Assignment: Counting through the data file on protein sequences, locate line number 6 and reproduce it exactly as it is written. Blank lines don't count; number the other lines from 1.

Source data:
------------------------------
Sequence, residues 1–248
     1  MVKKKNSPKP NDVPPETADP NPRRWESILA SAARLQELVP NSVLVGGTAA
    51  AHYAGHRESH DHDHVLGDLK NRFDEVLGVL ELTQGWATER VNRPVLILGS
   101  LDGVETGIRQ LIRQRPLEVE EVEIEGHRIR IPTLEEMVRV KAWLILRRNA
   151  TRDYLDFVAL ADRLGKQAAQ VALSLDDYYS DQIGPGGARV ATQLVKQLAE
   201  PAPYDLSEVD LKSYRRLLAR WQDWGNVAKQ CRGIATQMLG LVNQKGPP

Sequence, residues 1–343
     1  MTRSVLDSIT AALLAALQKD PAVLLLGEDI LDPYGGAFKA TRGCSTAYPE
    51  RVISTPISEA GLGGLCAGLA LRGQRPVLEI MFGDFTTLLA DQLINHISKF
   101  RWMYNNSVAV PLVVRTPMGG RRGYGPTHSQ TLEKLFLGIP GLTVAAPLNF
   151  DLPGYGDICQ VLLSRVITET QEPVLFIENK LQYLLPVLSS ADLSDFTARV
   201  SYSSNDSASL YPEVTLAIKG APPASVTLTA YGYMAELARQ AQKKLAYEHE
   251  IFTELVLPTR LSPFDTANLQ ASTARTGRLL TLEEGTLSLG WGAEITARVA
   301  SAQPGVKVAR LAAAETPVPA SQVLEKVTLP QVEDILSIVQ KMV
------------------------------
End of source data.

   201  PAPYDLSEVD LKSYRRLLAR WQDWGNVAKQ CRGIATQMLG LVNQKGPP